The International Monetary Fund (IMF) has warned Kenyans protesting their loans to the government on the risk of job cuts, tax increases and expensive loans without its assistance.
The IMF released a statement following public outcry over the government’s growing appetite for debt after it approved a $2.34 billion (about Sh257 billion) loan to Kenya.
IMF said its action to loan Kenya has saved the country from a debt crisis in the mid of the Covid-19 pandemic.
The IMF said the loan would help Kenya tackle Covid-19 in the short run and in the long run by replacing expensive bank loans from elsewhere.
“The arrangements with the IMF — together with additional financing from development partners and capital markets and G-20 support under the Debt Service Suspension Initiative (DSSI) — will help meet Kenya’s significant medium-term financing needs including to support their Covid-19 response. The alternative to this financing is much sharper fiscal consolidation or much more expensive borrowing on commercial terms,” the IMF said in a frequently asked questions on Kenya.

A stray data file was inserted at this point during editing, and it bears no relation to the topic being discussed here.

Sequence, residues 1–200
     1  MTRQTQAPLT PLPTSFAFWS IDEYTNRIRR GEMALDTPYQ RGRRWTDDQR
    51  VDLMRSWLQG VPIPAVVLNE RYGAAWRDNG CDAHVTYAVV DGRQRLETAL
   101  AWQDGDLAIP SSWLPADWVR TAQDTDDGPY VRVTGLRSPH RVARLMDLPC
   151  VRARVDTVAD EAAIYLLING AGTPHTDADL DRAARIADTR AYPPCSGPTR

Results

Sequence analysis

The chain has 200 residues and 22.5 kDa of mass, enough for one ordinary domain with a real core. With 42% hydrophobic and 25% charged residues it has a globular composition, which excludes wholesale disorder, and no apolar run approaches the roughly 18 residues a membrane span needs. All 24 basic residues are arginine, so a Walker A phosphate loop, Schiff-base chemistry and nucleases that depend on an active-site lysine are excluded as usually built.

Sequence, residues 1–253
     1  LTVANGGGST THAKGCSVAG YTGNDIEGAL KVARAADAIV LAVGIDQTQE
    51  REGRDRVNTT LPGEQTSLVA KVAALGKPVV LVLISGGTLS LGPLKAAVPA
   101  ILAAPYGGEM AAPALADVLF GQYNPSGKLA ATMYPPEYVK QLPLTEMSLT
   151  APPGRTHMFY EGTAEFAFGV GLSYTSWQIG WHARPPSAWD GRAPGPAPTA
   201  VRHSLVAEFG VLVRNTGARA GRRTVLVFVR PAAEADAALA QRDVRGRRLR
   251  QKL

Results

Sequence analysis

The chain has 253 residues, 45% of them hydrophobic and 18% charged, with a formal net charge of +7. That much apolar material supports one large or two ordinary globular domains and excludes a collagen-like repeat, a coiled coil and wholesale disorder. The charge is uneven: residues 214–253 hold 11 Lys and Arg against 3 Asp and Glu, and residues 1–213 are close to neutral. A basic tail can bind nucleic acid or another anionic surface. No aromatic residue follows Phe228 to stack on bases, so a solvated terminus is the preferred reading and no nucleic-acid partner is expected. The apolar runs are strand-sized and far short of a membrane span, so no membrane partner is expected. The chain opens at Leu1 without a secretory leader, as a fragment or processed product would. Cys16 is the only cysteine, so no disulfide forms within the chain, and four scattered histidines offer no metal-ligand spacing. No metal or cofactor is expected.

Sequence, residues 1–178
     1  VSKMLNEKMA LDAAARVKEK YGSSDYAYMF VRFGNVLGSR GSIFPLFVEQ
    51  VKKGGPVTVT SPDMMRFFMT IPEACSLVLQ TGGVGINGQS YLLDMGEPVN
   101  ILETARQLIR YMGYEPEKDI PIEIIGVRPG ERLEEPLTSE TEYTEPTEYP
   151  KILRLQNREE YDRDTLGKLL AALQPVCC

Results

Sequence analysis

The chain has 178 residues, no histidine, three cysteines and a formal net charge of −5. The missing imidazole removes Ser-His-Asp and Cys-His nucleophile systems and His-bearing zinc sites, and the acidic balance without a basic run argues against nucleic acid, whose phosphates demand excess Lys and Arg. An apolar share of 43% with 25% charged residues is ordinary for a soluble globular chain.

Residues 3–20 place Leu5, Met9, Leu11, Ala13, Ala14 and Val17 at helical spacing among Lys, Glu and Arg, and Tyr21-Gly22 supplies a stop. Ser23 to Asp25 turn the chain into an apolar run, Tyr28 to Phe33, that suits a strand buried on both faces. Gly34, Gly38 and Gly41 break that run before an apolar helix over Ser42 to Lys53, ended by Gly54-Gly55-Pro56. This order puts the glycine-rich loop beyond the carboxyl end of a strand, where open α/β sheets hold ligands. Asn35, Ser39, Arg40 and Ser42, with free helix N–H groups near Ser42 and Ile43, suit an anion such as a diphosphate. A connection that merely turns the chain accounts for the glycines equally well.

The pandemic has hit Kenya’s revenues and limited access to commercial loan markets, forcing the country to turn to the World Bank and the IMF seeking direct budgetary financing.
Last year, Kenya borrowed Sh79.3 billion from the IMF and has now taken Sh257 billion under the current programme.
The pandemic only tipped the scales for the country that was headed to a debt crisis after President Uhuru Kenyatta’s Jubilee administration borrowed at least Sh6.1 trillion to implement his manifesto in 10 years in power having inherited slightly more than Sh1.79 trillion in June 2013.
Additional report from Business Daily.